So a government could not possibly require builders and landlords to install the sprinklers that would have saved most of the precious lives lost at Grenfell Tower. Protecting citizens from fire in their homes became “the fire industry”, and if the government did nothing to interfere with its workings this industry would find a way to “market” its products. Market to whom? Never mind that the only possible market for fire-sprinkler systems is the landlords and developers who would rather not spend the money – the word “market” is enough. Like a prayer, it does not have to make sense, because it opens a channel to holiness and virtue.

Never mind either that the neoliberal sneering at the idea of government being “here to help” was as hypocritical as a pious lecher. Right-wingers who venerate Reagan’s mockery don’t care to notice that in the very same speech he goes on to say that “America’s farmers should know that our commitment to helping them is unshakable”.

Government is ‘here to help’ when banks want to be bailed out with public money or when oligarchs need subsidies.

Tanks and bombs are always “here to help” when neoliberals decide that a foreign regime needs to be changed. Government is “here to help” when banks want to be bailed out with public money or when oligarchs need subsidies. Being here to help is only wrong when “here” is wherever ordinary citizens are struggling to make decent lives for themselves and their kids.

The sneering is no less effective for being so two-faced. Its acid has been corroding democracy in the anglophone world for decades. When government being “here to help” is a contemptible thing you end up with the grotesque reality that, even after a disaster, nobody from government really is there to help.

Theresa May’s inability to go and talk to survivors of Grenfell Tower was not just a personal failing: it was an embodiment of an idea of government that has been reduced to impotence.

If those who seek to govern express derision for government, if they consistently characterise regulation as red tape and action as interference, they destroy the basis of their own authority. Electorates take the hint and aim missiles – Trump, Brexit – at their own institutions: if government is not here to help, why not destroy it?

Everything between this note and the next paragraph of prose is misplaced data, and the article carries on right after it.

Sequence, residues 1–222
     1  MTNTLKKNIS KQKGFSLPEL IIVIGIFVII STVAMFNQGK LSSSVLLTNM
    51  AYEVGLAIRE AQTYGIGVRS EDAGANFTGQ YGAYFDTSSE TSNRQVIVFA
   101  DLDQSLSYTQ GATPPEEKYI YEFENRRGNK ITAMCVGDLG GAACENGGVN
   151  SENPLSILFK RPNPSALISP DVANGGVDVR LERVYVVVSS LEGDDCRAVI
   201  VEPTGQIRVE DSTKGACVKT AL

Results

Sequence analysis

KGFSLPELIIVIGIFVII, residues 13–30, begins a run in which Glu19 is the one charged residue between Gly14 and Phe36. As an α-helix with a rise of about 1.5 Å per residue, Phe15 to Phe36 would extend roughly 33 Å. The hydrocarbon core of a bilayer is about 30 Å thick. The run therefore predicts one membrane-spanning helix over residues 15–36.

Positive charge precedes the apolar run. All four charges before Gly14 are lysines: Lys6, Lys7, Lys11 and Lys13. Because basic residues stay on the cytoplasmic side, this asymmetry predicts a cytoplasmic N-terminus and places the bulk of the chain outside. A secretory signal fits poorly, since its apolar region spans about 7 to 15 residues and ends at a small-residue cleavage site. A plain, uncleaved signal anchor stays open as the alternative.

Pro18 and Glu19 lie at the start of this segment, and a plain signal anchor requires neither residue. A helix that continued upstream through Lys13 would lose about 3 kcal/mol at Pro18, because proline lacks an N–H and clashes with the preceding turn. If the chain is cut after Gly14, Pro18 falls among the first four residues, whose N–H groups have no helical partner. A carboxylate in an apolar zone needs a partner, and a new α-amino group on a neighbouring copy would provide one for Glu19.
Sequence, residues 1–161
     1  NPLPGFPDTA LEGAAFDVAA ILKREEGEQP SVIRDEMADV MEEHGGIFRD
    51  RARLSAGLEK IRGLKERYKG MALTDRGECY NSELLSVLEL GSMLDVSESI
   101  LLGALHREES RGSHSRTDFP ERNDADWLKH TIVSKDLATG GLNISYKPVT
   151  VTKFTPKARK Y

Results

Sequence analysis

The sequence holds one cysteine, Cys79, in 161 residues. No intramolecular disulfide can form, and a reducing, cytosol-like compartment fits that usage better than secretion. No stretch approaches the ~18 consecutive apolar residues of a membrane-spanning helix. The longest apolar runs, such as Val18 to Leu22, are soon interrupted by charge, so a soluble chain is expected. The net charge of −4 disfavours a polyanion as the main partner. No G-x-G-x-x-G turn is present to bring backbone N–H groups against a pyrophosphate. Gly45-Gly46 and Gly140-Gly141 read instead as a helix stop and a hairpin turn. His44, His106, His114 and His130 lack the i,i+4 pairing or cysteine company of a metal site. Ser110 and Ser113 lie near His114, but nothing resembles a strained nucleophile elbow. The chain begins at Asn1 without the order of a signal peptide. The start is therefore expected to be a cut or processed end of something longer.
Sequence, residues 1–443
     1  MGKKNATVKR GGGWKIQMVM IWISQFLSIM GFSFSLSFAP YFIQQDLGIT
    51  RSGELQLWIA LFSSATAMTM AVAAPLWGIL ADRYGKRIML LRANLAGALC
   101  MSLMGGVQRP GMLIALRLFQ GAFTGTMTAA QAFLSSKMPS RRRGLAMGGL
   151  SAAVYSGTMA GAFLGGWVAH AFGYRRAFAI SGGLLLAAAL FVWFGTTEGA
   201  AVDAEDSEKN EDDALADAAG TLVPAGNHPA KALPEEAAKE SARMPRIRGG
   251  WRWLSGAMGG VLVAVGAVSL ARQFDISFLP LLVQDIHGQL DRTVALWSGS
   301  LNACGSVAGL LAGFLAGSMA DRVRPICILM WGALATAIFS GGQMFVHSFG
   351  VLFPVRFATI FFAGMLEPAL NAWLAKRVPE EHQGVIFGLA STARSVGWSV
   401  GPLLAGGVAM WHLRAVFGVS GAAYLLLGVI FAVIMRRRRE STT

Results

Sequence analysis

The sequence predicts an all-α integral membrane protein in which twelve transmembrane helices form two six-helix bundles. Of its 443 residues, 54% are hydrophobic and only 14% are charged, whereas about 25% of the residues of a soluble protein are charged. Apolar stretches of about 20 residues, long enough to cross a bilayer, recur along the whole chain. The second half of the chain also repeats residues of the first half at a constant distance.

The right has played with the fire of anarchy, and now both the UK and the US are anarchic states, one in the grip of idiocy, the other of self-destructive fantasy.

The Irish Times Logo
Commenting on The Irish Times has changed. To comment you must now be an Irish Times subscriber.
SUBSCRIBE
GO BACK
Error Image
The account details entered are not currently associated with an Irish Times subscription. Please subscribe to sign in to comment.
Comment Sign In

Forgot password?
The Irish Times Logo
Thank you
You should receive instructions for resetting your password. When you have reset your password, you can Sign In.
The Irish Times Logo
Please choose a screen name. This name will appear beside any comments you post. Your screen name should follow the standards set out in our community standards.
Screen Name Selection

Hello

Please choose a screen name. This name will appear beside any comments you post. Your screen name should follow the standards set out in our community standards.

The Irish Times Logo
Commenting on The Irish Times has changed. To comment you must now be an Irish Times subscriber.
SUBSCRIBE
Forgot Password
Please enter your email address so we can send you a link to reset your password.

Sign In

Your Comments
We reserve the right to remove any content at any time from this Community, including without limitation if it violates the Community Standards. We ask that you report content that you in good faith believe violates the above rules by clicking the Flag link next to the offending comment or by filling out this form. New comments are only accepted for 3 days from the date of publication.